British barrister Sultana Tafadar has been appointed Queen’s Counsel (QC), making her the first hijab-wearing criminal barrister in Britain to receive this mark of excellence. She received her Letters Patent at a ceremony at the Palace of Westminster on Monday morning, followed by a second ceremony with her peers at the Royal Courts of Justice.
Tafadar joins an elite group of lawyers to be appointed Queen’s Counsel. There are around 2,000 QCs in Britain – less than 2% of the entire legal profession. Speaking ahead of Monday’s ceremonies, Sultana Tafadar, an experienced human rights, international law and criminal justice barrister, said:“I am delighted to be one of two hijab-wearing barristers ever to have been appointed Queen’s Counsel, and the first at the Criminal Bar. I am also thrilled to be joining the ranks of trailblazing female QCs. Yet on such a day, when I am rising to the pinnacle of my profession in Britain, I note with great sadness that the same opportunities are currently denied to hijab-wearing women in other countries, such as France.
“Representation is important and the Bar can be a difficult terrain to navigate for those of us from non-traditional backgrounds, but it is changing. Sixteen years ago, when I first started at the Bar, it was a lonely place: there were few black and ethnic minority women, and no other hijab-wearing criminal barristers. We are breaking through these barriers, and I hope many other young women will now feel they can also reach the dizzying heights of the profession regardless of their race or religion.”
Ranked in the Legal 500, Tafadar is highly regarded for her work in human rights, counter terrorism and national security, and international law. Her cases straddle high profile criminal trials that have helped set important precedents. She also advises states and organisations on human rights and international law; and provides consultancy on equality, diversity, and inclusion to large multi-national corporations.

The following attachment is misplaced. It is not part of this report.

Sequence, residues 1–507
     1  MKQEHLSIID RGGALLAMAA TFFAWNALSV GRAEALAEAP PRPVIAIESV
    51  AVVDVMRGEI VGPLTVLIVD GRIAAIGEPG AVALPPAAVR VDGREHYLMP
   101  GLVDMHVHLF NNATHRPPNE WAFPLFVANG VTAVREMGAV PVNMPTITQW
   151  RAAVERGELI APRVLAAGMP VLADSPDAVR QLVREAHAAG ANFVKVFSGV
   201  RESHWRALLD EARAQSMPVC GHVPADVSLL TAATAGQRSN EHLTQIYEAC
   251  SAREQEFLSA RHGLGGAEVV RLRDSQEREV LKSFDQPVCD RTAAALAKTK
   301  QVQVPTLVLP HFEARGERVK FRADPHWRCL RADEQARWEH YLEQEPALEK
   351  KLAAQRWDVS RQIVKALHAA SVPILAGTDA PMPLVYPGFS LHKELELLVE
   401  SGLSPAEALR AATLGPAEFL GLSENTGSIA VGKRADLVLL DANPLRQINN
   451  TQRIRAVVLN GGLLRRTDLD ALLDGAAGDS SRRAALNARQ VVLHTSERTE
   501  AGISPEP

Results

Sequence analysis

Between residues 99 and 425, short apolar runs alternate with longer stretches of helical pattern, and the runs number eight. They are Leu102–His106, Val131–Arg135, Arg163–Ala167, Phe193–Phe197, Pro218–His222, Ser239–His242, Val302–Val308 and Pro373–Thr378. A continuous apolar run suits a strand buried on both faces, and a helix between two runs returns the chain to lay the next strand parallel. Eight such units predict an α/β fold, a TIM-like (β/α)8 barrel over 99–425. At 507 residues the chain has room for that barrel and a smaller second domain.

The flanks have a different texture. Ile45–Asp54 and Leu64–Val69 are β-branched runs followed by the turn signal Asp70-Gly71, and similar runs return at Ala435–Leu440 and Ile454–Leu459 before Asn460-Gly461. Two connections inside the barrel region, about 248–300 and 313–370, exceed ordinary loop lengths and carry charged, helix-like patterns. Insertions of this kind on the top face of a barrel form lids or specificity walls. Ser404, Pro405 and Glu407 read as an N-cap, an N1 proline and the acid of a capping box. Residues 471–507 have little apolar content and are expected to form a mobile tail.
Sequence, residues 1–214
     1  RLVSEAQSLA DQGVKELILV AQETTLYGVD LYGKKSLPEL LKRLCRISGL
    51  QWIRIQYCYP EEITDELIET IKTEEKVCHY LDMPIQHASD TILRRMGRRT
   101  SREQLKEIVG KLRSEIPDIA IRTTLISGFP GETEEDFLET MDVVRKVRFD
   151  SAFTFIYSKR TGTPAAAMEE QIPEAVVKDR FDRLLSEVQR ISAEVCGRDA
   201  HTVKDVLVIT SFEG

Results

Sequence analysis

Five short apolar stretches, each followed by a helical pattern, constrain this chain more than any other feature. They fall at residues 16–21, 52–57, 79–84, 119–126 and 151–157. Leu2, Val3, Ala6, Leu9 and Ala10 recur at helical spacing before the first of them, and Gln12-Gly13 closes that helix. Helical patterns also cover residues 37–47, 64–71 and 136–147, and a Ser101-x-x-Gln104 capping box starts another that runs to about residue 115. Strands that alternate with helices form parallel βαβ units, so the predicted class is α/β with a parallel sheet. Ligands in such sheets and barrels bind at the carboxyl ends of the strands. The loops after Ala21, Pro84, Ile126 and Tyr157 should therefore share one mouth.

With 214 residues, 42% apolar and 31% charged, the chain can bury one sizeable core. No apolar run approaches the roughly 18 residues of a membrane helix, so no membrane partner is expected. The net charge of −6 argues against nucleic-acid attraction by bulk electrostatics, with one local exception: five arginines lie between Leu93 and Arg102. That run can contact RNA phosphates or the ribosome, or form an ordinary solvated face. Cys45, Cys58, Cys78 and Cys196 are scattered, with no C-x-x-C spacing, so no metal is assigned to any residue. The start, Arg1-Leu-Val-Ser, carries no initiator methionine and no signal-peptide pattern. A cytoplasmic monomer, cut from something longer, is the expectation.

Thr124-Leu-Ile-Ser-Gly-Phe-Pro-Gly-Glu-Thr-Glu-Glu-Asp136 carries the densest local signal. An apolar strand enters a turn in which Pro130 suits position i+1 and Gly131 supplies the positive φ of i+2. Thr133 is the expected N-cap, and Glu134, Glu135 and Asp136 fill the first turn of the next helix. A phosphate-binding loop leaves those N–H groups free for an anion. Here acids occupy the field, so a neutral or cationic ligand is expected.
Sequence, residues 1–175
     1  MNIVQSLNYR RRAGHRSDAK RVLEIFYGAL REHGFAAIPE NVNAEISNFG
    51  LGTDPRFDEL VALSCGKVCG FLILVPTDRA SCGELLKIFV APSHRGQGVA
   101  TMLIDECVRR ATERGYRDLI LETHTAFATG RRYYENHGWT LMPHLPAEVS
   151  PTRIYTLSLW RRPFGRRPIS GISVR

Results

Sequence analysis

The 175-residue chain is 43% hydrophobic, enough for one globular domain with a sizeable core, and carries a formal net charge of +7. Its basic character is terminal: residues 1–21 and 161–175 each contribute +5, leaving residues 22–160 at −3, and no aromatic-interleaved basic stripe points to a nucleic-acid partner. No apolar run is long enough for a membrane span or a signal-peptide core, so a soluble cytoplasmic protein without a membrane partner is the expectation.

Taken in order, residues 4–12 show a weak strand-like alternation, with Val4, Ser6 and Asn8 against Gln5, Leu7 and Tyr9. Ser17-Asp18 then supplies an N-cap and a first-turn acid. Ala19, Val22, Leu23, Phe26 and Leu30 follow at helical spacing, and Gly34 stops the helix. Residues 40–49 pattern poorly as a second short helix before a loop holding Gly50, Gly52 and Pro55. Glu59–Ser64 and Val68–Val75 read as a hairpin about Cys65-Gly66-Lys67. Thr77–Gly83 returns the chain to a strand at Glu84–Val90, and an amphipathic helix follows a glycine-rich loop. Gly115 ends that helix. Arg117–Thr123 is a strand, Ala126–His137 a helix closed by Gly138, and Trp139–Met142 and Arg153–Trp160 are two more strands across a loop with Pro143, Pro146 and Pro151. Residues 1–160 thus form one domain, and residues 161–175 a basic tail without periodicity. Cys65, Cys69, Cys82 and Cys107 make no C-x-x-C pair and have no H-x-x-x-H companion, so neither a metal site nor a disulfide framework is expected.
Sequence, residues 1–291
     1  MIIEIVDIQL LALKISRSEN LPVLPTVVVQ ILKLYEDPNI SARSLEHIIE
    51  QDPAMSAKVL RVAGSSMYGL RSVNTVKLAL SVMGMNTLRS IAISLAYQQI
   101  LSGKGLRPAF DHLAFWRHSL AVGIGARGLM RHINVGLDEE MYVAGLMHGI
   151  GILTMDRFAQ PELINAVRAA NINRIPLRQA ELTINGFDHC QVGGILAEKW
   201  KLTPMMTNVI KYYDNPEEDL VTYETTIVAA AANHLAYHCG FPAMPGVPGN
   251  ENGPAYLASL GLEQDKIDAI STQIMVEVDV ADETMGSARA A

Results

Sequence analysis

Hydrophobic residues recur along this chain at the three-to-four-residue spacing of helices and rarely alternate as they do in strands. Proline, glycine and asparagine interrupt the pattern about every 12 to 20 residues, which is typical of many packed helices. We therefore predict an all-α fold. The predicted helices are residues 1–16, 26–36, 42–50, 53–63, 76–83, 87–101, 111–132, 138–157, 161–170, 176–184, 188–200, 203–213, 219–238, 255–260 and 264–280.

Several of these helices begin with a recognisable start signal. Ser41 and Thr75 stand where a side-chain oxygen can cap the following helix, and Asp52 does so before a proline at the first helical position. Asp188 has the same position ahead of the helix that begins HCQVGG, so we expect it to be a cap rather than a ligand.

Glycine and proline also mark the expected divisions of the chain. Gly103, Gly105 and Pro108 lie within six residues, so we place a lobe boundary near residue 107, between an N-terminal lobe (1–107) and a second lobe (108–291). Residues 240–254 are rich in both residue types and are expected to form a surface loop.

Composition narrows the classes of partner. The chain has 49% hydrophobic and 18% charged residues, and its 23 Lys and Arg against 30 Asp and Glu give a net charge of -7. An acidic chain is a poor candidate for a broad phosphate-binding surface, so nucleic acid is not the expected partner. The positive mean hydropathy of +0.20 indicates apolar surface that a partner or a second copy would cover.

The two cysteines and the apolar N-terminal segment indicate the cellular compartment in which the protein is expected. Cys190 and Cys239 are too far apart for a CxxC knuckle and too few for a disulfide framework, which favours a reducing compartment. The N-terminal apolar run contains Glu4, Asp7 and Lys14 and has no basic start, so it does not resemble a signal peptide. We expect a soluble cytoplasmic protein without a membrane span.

Tafadar is involved in the legal campaign to end the hijab ban in France. Later this year, she will be making important submissions to the United Nations on how the French government is in breach of international law in areas such as civil rights and sex discrimination, as well as violations of religious freedom, and the economic rights of women.
Born and raised in Luton to immigrant Bangladeshi parents, Tafadar grew up wanting to change the world for the better. Having excelled in professions such as medicine and teaching, her hijab-wearing relatives had already proven that being a visibly Muslim woman was no barrier to success. Inspired by the American Civil Rights Movement, Tafadar elected to study law, aware early in her career that advocacy and human rights go hand-in-hand: “Growing up in the 80s and '90s, I saw lots of injustice, and racism. I took inspiration from the Civil Rights Movement, Martin Luther King and Malcolm X. I knew I wanted to be an activist lawyer.”
While her personal journey as an ethnic minority, hijab-wearing barrister has been challenging, Tafadar has never relented in her quest to progress professionally and to make a difference: “There have been times I have been mistaken for the defendant or the interpreter. I’ve faced a plethora of challenges owing to my gender, race and religion. It’s been tough, but I see my clients coming from diverse backgrounds who are also suffering similar discrimination.
"For me, the law is a tool to remedy these things and to achieve grand ideals like equality. It reminds me of why I joined this profession and why I need to succeed.”